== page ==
Claire Keating has resigned from the Green Party
A SPLIT has emerged in Limerick’s Green Party over its handling of a key road project, with the resignation of its standard-bearer in the county.
Claire Keating, who amassed almost 2,700 votes in the general election in rural Limerick 12 months ago has resigned after feeling the party faithful did not listen to her warnings over the Coonagh to Knockalisheen Road.
Her resignation was submitted before the Minister for Transport, Eamon Ryan, confirmed the project will proceed in full.
The Croagh woman – well known in the city for her work with Limerick Against Pollution – tended her resignation in a letter to the party’s executive on Tuesday, writing: “The Green Party’s principles are at odds with my own.”
On top of this, the party’s chairman in Limerick John Humphreys has also stepped down from his position – but unlike Ms Keating, he will remain in the party fold.
Before this Wednesday's announcement. anger had been rising across the city, after Transport Minister and Green Party leader Eamon Ryan met with stakeholders and community representatives to discuss the €58m project leaving them with the belief it may be not be progressed as was previously envisaged.
Ms Keating – who spoke with members of the Green Party at an online meeting on Friday last – says her warnings as to the party’s future “fell on deaf ears.”
In her speech – which was heard by Mr Ryan – Ms Keating warned that the party’s failure to change tack on the €58m road “will result in the demise of the Green Party in this city and county, and all of our work will have been for nothing.”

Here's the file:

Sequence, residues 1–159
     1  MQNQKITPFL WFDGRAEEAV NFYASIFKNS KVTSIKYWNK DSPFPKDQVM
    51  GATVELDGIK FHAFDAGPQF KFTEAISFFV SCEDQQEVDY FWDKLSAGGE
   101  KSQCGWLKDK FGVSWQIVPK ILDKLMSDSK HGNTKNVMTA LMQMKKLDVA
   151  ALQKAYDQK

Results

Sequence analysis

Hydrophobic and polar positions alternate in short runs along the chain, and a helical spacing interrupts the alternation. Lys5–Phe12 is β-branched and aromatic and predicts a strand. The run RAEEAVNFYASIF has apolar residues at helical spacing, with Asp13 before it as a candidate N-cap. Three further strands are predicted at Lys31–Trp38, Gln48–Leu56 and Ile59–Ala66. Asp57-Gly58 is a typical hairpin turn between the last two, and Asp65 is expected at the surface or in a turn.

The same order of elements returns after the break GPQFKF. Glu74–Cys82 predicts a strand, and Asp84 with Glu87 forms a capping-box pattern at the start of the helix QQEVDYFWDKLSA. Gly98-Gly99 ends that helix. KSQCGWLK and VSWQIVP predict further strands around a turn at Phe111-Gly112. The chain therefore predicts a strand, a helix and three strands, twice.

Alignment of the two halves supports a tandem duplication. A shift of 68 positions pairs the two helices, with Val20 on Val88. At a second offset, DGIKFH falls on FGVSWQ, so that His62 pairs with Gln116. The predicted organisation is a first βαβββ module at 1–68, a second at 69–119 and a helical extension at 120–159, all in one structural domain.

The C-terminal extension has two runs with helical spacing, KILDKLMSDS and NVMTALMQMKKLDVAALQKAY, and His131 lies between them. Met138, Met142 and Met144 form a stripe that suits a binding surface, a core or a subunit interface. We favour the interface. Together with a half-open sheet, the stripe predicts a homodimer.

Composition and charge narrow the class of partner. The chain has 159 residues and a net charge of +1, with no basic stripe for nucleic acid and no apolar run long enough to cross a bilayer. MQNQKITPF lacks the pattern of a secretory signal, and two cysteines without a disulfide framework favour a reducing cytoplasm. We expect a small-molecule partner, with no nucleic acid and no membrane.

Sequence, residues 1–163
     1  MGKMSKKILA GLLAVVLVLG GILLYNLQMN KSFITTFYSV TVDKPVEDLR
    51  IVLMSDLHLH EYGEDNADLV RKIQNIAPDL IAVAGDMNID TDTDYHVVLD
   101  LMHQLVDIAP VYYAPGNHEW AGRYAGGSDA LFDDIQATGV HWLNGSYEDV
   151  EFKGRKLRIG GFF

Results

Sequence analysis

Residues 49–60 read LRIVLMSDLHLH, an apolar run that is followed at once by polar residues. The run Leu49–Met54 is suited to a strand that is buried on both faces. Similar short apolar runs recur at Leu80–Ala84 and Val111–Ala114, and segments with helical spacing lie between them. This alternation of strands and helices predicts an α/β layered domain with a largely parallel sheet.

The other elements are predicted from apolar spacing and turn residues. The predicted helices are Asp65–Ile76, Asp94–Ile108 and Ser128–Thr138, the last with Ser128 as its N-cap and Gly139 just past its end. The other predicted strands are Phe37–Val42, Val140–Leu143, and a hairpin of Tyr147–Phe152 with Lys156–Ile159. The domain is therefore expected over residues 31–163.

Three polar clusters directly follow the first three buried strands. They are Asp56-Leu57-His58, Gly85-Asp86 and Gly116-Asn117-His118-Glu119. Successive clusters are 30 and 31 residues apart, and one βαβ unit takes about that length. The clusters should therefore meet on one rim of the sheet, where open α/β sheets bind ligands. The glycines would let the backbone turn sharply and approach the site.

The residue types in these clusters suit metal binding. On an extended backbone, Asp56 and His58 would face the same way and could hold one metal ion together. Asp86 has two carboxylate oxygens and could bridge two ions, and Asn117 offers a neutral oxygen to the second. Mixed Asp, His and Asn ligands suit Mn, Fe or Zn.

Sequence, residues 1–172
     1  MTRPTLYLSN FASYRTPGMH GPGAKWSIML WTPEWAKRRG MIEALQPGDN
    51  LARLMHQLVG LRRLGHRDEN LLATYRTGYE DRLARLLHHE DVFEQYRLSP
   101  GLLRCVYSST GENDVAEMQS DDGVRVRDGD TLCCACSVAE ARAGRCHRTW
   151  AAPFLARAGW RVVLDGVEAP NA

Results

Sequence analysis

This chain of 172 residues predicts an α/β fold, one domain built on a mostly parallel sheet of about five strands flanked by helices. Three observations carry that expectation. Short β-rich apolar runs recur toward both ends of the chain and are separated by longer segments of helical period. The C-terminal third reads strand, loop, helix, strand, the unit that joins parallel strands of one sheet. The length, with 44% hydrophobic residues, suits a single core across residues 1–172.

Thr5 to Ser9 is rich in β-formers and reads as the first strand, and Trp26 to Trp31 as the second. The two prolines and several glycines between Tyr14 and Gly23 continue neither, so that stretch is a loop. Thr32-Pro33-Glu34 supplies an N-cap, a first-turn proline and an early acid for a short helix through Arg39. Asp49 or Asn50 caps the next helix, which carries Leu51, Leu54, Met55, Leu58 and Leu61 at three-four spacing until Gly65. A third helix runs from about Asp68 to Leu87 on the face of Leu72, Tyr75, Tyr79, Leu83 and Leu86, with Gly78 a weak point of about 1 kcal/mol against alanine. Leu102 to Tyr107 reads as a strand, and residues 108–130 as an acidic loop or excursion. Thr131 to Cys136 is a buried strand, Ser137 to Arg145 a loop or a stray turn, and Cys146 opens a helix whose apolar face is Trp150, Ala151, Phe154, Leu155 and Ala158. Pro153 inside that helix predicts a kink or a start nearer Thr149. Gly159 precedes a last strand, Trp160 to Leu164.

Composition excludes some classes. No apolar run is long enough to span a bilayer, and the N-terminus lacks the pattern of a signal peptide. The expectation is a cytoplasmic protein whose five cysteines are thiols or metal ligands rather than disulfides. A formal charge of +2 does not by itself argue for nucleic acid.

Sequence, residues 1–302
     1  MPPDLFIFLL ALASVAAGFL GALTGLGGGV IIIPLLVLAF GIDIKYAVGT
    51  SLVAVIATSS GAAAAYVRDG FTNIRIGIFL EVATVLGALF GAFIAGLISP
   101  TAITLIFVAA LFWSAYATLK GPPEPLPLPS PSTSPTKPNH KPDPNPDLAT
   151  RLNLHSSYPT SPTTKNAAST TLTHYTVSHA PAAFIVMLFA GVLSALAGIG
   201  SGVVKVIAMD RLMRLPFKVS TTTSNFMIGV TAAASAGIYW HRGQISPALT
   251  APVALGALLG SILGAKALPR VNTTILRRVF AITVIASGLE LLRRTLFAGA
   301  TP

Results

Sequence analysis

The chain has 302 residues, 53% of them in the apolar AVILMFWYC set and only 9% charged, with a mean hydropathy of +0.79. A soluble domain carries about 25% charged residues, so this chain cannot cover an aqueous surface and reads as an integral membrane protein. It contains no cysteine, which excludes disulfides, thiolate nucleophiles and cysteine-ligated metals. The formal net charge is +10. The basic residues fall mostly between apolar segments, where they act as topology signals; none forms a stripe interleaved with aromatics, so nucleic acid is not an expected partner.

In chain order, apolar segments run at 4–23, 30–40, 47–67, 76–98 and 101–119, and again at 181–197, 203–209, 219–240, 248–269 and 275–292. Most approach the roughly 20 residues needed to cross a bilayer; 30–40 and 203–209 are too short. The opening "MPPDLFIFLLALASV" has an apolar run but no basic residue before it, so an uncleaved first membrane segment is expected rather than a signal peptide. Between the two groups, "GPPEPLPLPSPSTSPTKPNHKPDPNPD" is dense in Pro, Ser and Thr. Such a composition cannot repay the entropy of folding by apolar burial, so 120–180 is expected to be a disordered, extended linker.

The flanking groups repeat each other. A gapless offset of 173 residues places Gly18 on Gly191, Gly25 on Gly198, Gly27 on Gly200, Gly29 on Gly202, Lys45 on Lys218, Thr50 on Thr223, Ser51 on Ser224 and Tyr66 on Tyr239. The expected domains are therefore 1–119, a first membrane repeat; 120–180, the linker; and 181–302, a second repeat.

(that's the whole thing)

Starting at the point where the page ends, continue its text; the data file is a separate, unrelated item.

So yesterday I resigned from Green Party because I did not agree with their stance on the Coonagh Knocklisheen Distributor Rd. Having met with the community @buildourroad and informed myself of the importance of this project going ahead not 2/3s pic.twitter.com/yLKydEFQVr— Claire Keating Green Party (@ClaireKeatingGP) February 10, 2021
Having visited Moyross, Ms Keating said she is “blown away” by the passion locals have for the project.
“It is incredible to think that our party is now attempting to undermine the democratic processes of the State and destroy 14 years of painstaking consultative work because we know best at the 11th hour having consulted with nobody,” she said.
She feels the position of the Green Party on the Coonagh-Knockalisheen Road – seen as vital to opening up Moyross – has done “untold damage” to the party locally.
“It beggars belief that on the day Build Our Road (the Moyross campaign group) tweeted about their campaign, seven politicians from other parties were in contact with them, while our three elected representatives were out walking in the wetlands. Are we that detached from the real world,” she asked.
Ms Keating said the road represents “more than a physical pathway”.
“It is a pathway to education and employment,” she added.